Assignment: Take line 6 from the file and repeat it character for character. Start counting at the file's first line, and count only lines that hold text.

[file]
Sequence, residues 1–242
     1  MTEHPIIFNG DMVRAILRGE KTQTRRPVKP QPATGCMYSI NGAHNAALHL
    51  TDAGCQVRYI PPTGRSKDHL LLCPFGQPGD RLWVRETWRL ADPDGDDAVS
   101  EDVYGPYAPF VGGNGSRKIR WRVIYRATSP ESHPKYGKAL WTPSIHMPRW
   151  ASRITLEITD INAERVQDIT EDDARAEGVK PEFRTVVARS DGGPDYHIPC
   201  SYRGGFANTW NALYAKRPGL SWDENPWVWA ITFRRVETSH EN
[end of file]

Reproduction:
   201  SYRGGFANTW NALYAKRPGL SWDENPWVWA ITFRRVETSH EN